Phishing (see here, here & here) is a primary method for cyber criminals to gain access to email accounts and systems using deception rather than defeating security protections. In a basic phishing attack, a cyber criminal will send an email that looks legitimate, enticing the victim to click on a link or open an attachment. The click might load malware onto the victim’s computer or take the victim to a realistic-looking website. In most cases, the objective is to capture user credentials without the victim knowing. Cyber criminals have found it is generally easier to deceive a victim into clicking rather than breaking through technology defenses.
One of the most famous phishing attacks resulted in the release of Clinton’s emails (see here & here). The cyber criminals enticed a senior Clinton aide to go to a fake website to change his password, which allowed the criminals to capture the username and password to the email account.
Phishing can be used for a wide range of cyber crime (see here & here). Both Ransomware and Social Engineering Fraud (SEF) attacks typically utilize phishing attacks to gain access to email accounts or load ransomware onto a victim’s computer.
A trending phishing attack is Payroll Processing Cyber Crime (see our prior post here), where criminals use a breached system to change payroll deposit instructions. The cyber criminal typically uses a phishing attack to gain access, and then changes direct deposit bank account instructions so payroll money is directed to the criminal rather than the employees.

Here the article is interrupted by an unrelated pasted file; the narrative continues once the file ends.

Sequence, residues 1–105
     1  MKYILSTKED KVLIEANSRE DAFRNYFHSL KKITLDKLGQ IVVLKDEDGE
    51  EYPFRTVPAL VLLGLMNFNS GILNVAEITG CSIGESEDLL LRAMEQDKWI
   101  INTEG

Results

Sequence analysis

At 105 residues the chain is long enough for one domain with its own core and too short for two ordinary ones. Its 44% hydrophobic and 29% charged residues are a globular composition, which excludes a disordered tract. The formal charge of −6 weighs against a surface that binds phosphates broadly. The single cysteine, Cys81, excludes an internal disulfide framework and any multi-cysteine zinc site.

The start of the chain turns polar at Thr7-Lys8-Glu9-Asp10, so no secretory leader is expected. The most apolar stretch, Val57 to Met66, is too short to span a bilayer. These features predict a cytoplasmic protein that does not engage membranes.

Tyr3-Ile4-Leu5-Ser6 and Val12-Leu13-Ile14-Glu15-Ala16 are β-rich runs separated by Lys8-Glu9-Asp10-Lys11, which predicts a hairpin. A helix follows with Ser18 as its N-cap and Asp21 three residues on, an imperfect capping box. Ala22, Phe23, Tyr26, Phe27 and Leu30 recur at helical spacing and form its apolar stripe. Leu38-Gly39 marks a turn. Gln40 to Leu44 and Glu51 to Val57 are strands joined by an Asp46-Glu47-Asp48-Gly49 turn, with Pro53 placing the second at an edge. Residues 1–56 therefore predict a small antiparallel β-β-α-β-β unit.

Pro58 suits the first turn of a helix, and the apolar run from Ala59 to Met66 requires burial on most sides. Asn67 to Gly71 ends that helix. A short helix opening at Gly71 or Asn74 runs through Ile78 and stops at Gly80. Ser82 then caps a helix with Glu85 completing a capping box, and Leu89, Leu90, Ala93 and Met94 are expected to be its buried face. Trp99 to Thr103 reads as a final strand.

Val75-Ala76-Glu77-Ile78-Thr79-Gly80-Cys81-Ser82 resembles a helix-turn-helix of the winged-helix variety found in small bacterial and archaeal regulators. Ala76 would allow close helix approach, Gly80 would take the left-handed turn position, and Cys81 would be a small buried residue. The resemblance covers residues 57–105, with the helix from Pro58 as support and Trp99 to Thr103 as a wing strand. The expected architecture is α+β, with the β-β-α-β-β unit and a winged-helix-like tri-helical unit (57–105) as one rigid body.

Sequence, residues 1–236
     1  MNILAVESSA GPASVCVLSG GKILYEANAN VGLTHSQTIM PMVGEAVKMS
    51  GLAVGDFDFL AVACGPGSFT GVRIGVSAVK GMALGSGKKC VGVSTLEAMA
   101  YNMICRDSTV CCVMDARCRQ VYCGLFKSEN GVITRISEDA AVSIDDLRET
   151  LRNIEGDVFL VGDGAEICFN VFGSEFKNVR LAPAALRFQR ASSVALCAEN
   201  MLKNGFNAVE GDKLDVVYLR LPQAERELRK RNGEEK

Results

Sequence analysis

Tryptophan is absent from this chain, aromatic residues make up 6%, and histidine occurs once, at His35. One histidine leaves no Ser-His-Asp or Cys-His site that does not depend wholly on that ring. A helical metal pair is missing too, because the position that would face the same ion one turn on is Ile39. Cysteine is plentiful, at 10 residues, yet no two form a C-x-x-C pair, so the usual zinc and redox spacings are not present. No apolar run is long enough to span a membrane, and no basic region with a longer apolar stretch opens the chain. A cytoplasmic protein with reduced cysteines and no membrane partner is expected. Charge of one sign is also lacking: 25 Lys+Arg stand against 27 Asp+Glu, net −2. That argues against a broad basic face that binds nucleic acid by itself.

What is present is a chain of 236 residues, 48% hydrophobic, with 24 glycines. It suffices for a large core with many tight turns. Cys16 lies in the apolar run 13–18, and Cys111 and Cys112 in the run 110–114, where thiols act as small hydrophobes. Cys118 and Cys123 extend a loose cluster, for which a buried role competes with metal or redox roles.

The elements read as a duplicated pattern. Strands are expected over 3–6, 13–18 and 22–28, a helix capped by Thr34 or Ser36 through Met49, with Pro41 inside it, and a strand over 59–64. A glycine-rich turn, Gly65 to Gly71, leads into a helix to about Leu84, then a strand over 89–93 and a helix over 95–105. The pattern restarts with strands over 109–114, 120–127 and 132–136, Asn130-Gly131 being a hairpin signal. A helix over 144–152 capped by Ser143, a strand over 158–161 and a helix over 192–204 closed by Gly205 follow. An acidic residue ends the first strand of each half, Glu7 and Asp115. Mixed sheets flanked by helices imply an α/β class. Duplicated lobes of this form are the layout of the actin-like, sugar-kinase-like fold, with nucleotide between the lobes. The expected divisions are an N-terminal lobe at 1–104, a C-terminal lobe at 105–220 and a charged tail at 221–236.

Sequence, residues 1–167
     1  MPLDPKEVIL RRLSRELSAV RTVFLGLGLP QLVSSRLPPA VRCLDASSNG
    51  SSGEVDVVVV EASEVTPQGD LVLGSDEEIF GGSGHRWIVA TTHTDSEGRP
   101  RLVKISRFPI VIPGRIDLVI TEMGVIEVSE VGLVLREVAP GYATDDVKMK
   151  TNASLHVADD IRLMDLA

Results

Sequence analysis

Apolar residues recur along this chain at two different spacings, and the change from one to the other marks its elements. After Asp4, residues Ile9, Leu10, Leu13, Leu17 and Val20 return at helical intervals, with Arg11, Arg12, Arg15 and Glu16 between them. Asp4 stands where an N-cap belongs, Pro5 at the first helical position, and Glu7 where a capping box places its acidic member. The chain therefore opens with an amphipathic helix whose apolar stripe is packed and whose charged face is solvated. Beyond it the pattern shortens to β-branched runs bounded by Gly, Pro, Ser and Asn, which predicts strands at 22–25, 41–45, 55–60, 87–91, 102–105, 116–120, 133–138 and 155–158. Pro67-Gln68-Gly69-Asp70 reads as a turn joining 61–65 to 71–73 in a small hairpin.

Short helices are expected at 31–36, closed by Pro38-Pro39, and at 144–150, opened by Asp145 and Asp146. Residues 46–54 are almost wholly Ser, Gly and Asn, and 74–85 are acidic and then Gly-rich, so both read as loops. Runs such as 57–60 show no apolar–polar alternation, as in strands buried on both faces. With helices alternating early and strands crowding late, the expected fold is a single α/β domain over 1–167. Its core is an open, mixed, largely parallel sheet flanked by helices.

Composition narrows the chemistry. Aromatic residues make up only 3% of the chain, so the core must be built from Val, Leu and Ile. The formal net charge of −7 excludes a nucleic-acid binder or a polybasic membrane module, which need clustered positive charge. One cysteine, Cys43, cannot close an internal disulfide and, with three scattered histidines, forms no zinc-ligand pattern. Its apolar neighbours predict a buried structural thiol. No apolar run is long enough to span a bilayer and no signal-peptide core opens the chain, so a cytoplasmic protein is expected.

Krebs on Security (see here) has noted that criminals are upping their game, generating significantly more sophisticated phishing emails and setting up fake websites that appear more legitimate and secure, often using SSL/https. Some malware introduced by phishing also searches the victim’s system for contact information to use for subsequent phishing attacks (see here).
What can you do to prevent phishing attacks from being successful? Since employees are the target, the most important step is to train employees for phishing awareness. Here are some tips from a variety of websites (see here, here, here & here).
- Be suspicious
- Check links
- Check the sender – the sender may be fake
- Don’t open unusual attachments
- Keep software & anti-virus protections up to date
Lastly, or maybe first, make sure you are properly covered with comprehensive Cyber Risk Insurance. Cyber Risk Insurance is an essential coverage for businesses of all sizes for protection from both criminal attacks such as phishing. Coverages vary widely, and so a thorough review is essential to ensure that comprehensive coverage is in place.
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